The Annunciation: 1. One of the most important events in the Gospel, in which the Archangel Gabriel announced to the Virgin Mary that by the will of God She must give birth to the Savior of the world and She agreed to become the Mother of God by human nature. 2. One of the Twelve Great Feasts of the Orthodox Church which is dedicated to this event and solemnly celebrated by the faithful annually on March 25/April 7.
What is so special about the Annunciation and why is this event celebrated as one of the most important feasts of the Church?
At the Annunciation the Angel brought the Glad Tidings to the Virgin Mary: seeing that She was the Most Pure and godly Maiden Who was worthy of becoming the Mother of God by human nature, the Lord announced the approaching Incarnation of God’s Word (the Logos) through Her.
At that moment the possibility of the Birth of the Savior of the world depended only on the acceptance of God’s chosen Maiden of Her role. And She consented to become the Mother of Christ: Behold the Handmaid of the Lord; be it unto Me according to thy word (Lk. 1:38).
The Holy Fathers and Teachers of the Orthodox Church compared this humble and meek answer to the words of Christ, Who expressed His acceptance of God the Father’s will over His own during His prayer in the Garden of Gethsemane: not as I will, but as Thou wilt (Mt. 26:39).
Why did God choose Mary to give birth to Jesus Christ?
Firstly, by Her ancestry She met the Biblical requirement, according to which Christ, the Savior of the world, should be born of the seed of Abraham, and of the tribe of Judah, and of the blood line of David. And, secondly and most importantly, She like nobody else satisfied the spiritual and moral requirements necessary for the fulfilment of Her mission.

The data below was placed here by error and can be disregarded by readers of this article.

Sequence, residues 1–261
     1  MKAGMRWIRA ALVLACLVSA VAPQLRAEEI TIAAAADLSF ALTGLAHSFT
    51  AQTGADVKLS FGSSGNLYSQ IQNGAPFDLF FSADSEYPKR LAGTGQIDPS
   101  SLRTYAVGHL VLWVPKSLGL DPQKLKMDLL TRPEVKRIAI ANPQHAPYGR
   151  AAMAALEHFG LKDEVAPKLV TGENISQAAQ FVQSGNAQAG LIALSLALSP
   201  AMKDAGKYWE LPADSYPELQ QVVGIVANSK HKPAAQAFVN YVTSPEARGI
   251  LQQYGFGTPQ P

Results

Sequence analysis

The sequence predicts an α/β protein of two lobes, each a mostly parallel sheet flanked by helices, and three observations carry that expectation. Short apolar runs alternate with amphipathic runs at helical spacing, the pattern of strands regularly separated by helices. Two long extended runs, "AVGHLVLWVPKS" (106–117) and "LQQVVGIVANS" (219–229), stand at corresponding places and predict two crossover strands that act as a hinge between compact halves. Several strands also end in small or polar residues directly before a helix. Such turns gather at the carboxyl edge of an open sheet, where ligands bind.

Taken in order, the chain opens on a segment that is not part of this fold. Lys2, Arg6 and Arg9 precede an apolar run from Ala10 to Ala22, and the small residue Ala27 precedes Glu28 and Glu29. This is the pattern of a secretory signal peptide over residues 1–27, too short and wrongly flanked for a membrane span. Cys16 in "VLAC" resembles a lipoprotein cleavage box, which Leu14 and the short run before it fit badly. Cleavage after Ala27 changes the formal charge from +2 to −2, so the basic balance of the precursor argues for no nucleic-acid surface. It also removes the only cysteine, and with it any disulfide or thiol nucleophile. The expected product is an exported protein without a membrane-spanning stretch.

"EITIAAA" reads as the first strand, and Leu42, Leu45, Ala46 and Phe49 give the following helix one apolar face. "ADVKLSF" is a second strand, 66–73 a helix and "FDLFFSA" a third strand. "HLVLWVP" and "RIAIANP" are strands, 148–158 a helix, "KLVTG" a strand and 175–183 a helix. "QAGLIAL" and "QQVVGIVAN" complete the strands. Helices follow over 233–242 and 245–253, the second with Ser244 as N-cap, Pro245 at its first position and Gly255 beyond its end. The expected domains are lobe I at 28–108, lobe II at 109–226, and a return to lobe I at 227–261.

As She grew up, the Virgin Mary, Who had been dedicated to God and entrusted to the Temple by her parents, devoted Her entire time to the service of God: She prayed much, labored and studied the Holy Scriptures. Thus She was the only human being (of course, apart from Her Divine Son) to be called “the Most Pure” in an exclusive and the most sublime sense of the word.
Tradition holds that the Theotokos remained free of personal sin and calls Her “Immaculate” (in the sense “undefiled”, “spotless”) and “Most Holy”. The Church honors and glorifies Her as “Heaven”, “the Ark of God”, “a Gate of Salvation”, “the Flowering Rod”, “the Altar of the Almighty”.
It is also noteworthy that the Virgin Mary surpassed in godliness not only all women, but also all people who have ever lived in the world. In iconography, notably in the scenes of the Ascension of the Lord, the Mother of God is sometimes depicted as having a nimbus, whereas the apostles are depicted without halos.